For Gilson Alexandre, a 42-year-old truck mechanic, there is nothing better than spending an afternoon at the local shopping centre.
“It has everything you could want,” he says, browsing the food court of Shopping Recife, one of the largest retail centres in the northeastern Brazilian city.
With more than 450 shops, 19 restaurants, 10 cinema screens and plenty of benches on which to take a nap in the comfort of the building’s air conditioning, Shopping Recife attracts about 65,000 people a day.
Visiting shopping centres has become a national pastime in Brazil. Aside from being somewhere to meet friends and family, they are a relatively safe place to hang out in otherwise dangerous cities, thanks to heavily armed guards on the doors.
Demand for new shopping centres is strongest in the country’s poorer northeast region, which until recently had been largely neglected by developers. As consumer spending begins to slow across the rest of the country, the region’s nine states remain a bright spot for retailers, as millions of Brazilians enter the middle class for the first time.
As of December last year, 32 shopping centres were under construction across Brazil’s northeast, up from 30 at the end of 2012, says Luis Augusto Ildefonso da Silva, institutional director of the national retail association Alshop.
The number of shopping centres being built nationally decreased to 153 from 157 over the same period.
“Many of the new shopping centres [in the northeast] are in smaller cities that don’t already have one,” says Ildefonso da Silva. “It is hard to go wrong when you are building a city’s first shopping centre.”
To a large extent, the northeast is simply catching up with the rest of Brazil. Lumbered with a vast, barren hinterland and located thousands of kilometres from the country’s southern centres of power, the northeast has long ranked as the poorest and least developed region.
Despite the recent growth, development indicators in some parts of the region are still comparable with those of African countries.
However, this is what makes the northeast one of the country’s most promising consumer markets, says Renato Meirelles, president of the Instituto Data Popular, a consultancy.
“The ownership of televisions, mobile phones, computers, washing machines and other goods is lower in the northeast than across the rest of Brazil, so there is a lot of pent-up demand,” Meirelles says.
“Like the rest of Brazil, the northeast will grow at a slower rate than in the past decade, but the region will still grow faster than the rest of the country.”
However, the northeast’s consumer boom is also a result of concerted efforts by the federal government to accelerate the region’s development.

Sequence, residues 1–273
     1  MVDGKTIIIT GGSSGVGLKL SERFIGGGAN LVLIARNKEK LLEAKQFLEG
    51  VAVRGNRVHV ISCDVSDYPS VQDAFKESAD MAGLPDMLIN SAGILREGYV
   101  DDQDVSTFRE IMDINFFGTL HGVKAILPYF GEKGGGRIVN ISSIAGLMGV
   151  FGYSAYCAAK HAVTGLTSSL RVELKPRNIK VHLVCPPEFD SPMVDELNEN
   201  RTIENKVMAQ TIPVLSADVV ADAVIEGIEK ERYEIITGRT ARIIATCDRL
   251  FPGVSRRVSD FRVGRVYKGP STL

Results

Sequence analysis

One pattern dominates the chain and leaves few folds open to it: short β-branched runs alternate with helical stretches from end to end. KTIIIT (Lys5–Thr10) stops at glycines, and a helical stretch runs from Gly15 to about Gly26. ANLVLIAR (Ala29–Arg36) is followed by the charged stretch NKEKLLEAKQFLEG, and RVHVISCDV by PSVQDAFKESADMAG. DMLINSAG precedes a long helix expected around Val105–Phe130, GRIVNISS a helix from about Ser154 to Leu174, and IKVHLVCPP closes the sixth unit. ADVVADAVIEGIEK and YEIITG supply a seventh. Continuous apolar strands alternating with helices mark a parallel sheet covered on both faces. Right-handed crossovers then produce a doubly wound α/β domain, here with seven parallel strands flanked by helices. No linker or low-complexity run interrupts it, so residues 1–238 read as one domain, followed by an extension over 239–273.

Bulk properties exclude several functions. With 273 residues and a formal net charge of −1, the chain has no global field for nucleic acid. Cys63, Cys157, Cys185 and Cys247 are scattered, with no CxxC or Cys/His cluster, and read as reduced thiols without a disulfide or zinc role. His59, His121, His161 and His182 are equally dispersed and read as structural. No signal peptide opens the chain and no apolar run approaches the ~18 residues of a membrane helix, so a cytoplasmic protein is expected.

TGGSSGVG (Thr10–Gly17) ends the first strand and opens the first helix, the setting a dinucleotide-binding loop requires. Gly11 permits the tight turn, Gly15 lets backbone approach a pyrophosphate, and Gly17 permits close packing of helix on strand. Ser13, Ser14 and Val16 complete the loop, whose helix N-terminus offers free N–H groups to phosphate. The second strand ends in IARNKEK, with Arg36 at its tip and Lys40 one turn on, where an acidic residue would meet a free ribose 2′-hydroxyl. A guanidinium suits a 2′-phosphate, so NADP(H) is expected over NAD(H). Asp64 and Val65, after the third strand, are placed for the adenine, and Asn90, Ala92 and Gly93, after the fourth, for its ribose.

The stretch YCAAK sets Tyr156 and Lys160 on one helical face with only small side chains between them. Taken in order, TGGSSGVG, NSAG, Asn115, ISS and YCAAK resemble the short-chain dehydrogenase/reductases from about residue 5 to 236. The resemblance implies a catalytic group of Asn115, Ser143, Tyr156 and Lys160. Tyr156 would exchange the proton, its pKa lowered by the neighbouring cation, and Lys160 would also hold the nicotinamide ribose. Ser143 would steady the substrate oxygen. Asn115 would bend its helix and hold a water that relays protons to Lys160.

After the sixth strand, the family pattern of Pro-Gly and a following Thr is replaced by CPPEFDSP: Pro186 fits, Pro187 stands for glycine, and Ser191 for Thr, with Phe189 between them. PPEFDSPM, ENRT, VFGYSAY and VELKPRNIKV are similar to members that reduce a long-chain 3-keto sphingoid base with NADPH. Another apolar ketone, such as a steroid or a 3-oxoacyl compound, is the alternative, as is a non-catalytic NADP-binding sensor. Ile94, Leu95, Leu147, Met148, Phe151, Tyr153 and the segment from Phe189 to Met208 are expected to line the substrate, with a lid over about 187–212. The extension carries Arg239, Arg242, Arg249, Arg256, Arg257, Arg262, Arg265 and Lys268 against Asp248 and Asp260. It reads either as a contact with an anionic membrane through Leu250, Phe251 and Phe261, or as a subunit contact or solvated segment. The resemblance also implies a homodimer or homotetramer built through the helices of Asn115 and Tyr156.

“In spite of the necessity of [public investment in the northeast], the decision to focus on the region has been a political one,” says Otto Nogami, an economics professor at São Paulo’s Insper business school.
The Bolsa Familia welfare programme, a cornerstone policy of the ruling Workers’ Party (PT), has been responsible for lifting millions out of poverty over the past decade and has helped keep the PT in power since 2003.
Meirelles estimates that more than 40 per cent of families in the northeast receive the stipend, making the region a loyal base of political support.
Other government programmes have boosted consumer spending, such as “Minha Casa Melhor” (“My Better Home”), which gives lower-income families a four-year loan of up to R$5,000 ($2,174) to buy home appliances and furniture.
Families are only eligible for it if they bought their home via the government’s “Minha Casa Minha Vida” (“My Home, My Life”) programme.
The region’s consumer boom has encouraged many firms to build factories in the region. O Boticario, one of the country’s most popular cosmetics chains, is to open a production plant and distribution centre this year in the state of Bahia at a cost of R$535m. The factory will serve as a base for the whole of northeast and north Brazil.
International consumer groups have also ventured into the region. In 2011, Kraft opened a factory in Pernambuco – its first in the northeast – to produce chocolate and powdered drinks. Upmarket brands such as Pernod Ricard’s Chivas Regal whisky have also found success, as the region’s new middle classes start to spend. In 2012, the company ranked Recife as the top market in the world in terms of per capita whisky consumption.
“This is a sign of social mobility, which in Brazil is shown through the capacity to consume,” says Insper’s Prof Nogami.
However, for producers of higher-value durable goods such as home appliances, it still does not make sense to build a factory in the northeast, he says.
“You will find strong demand in the state capitals but not outside the cities – the market is not mature enough,” Prof Nogami says, adding that the northeast’s logistical problems and lack of skilled labour can also drive up companies’ costs.
“The region has huge potential, but it is still only that,” he says.